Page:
(a)

(b)

Fig.4. (a) One-hop Multilateration (b) Two-hop Multilaretation

A

B

C

Beacon Node

b+c

a

a

c

a

b

From

[

x

A

–

a

]

to

[

x

B

+

(

b + c

)]

B

Unknown Node

Fig.5. X coordinates bounds for C using initial estimates [9]

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unknown node computes a new estimate, it broadcasts this estimate to its neighbours,

and the neighbour use it to update their own position estimates. As shown in Fig. 6

first node 4 computes its location estimate using beacons 1 and 5 and node 3 as

reference. Once node 4 broadcasts its update, node 3 recomputes its own estimate

received from node 4. Next node 3 broadcasts the new estimate and node 4 uses this

to compute a new estimate that is more accurate than its previous estimate.

The collaborative multilateration enables sensor nodes to accurately estimate their

locations by using known beacon locations that are several hops away and distance

measurements to neighboring nodes. At the same time it increases the computational cost

also.

4.2.1.2.2. Node localization assuming the region as square box

In [10] the authors frame the localization problem as follows. They have assumed that in

a square region Q = [0, s] x [0,s], called region of operations, N nodes S

1

, ………, S

N

have

been scattered and each of which is equipped with an RF transceiver with communication

range r > 0. In other words a node S

i

can communicate with every node which lies in its

communication region, which is the disk with radius r centered at S

i

. The nodes form an ad

hoc network Ŋ in which there is an edge between S

i

and S

j

if their distance is less than r. They

scheme assume that there are certain positive number of beacons nodes in Q and other are

unknown nodes. Now for any integer n > 0, partition Q into n

2

congruent squares called

cells of area (s/n)

2

and for every known node S, we know the cell which contains S. To make

the problem tractable the authors assume that communication range is ρ calls where ρ =

[nr/s√2], where [x] denotes the integer part of x, which means that each node S can

communicate with every node lying in the square centered at S and containing (2ρ + 1)

2

cells.

Usually n is large and r is much smaller than n. In particular 2ρ + 1 < n. Then for an arbitrary

unknown S in Ŋ the localization algorithm at S can be written as:

Step 1: Initialize the estimate: L

s

= Q.

Step 2: Send Hello packets to the neighbours. Each known neighbor sends back (1, a, b),

4

3

1

2

5

Beacon Node

Unknown Node

Fig.6. Initial estimates over multiple hops

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where (a, b) is its grid position, while each unknown neighbor sends (0, 0, 0).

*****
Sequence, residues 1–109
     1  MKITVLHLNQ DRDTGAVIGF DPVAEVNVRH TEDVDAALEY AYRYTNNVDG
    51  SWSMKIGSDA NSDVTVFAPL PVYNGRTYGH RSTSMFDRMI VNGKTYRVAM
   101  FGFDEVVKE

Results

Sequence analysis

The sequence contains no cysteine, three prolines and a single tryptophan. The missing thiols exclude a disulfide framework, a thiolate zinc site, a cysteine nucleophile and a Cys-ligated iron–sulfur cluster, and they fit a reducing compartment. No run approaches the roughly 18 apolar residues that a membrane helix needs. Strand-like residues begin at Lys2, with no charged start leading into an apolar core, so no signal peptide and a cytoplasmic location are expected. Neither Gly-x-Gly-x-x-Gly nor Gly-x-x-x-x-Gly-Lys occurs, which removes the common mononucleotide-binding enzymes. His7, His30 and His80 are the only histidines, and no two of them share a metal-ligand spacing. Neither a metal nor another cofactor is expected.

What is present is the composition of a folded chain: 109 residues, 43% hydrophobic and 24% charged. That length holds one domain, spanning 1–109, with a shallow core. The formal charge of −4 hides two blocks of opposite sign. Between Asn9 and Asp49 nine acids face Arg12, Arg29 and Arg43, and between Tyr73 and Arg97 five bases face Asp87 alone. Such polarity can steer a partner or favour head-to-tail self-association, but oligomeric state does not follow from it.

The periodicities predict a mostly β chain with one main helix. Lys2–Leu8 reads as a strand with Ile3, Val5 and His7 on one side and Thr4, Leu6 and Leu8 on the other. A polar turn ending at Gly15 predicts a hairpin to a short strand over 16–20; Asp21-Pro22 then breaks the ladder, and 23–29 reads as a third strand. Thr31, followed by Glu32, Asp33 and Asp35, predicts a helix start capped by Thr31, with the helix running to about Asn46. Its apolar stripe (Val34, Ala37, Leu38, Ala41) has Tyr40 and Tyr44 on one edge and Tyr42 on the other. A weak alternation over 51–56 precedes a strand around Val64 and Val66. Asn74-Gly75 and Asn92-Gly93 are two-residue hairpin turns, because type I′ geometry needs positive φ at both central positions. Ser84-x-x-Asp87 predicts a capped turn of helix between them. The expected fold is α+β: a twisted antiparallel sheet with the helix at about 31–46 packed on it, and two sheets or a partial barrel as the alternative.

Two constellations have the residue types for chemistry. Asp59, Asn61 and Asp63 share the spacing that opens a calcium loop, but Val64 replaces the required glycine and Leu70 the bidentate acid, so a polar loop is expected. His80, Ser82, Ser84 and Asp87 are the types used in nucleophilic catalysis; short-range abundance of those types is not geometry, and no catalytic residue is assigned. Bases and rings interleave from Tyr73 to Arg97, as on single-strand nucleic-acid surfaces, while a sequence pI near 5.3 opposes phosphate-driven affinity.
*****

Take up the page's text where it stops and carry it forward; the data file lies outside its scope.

Step 3: For each response (1, a, b), update the estimate as shown in equation (3).

L

s

= L

s

∩ [a – ρ, a + ρ] x [b – ρ, b + ρ] (3)

Step 4: Stop when all responses are received. The position estimate is L

s

.

In this approach an unknown node could query some of its neighbours which reduce

communication cost but increases computations.

4.2.1.3. Gradient

In [11] the authors describe an algorithm for organizing a global coordinate system from

local information. In this approach ad-hoc sensor nodes are randomly distributed on a two

dimensional plane and each sensor communicates with nearby sensors within a fixed distance

r, where r is much smaller than the dimension of the plane. In their algorithm they assume

some set of sensors as “seed” sensors which are identical to other sensors in capabilities

except that they are programmed with their global position. The algorithm consists of two

parts:

• Gradient Algorithm: - Each seed sensor produces a locally propagating gradient that

allows other sensors to estimate the distance from the seed sensors. A seed sensor

initiates a gradient by sending its neighbors a message with its location and a count

set to one. Each recipient remembers the value of the count and forwards the message

to its neighbors with the count incremented by one. Hence a wave of messages

propagates outwards from the seed. Each sensor maintains the minimum counter

value received and ignores messages containing larger values, which prevents the

wave from traveling backwards. If two sensors can communicate with each other

directly then they are considered to be within one communication hop of each other.

The minimum hop count value, h

i

, that a sensor i maintains will eventually be the

length of the shortest path to the seed in communication hops. In the proposed ad hoc

sensor network, a communication hop has a maximum physical distance of r

associated with it. This implies that a sensor i is at most distance h

i

r from the seed.

However as the average density of sensors increases, sensors with the same hop count

tend to form concentric circular rings, of width approximately r, around the seed

sensor.

• Multilateration Algorithm: - Each sensor uses a multilateral procedure to combine the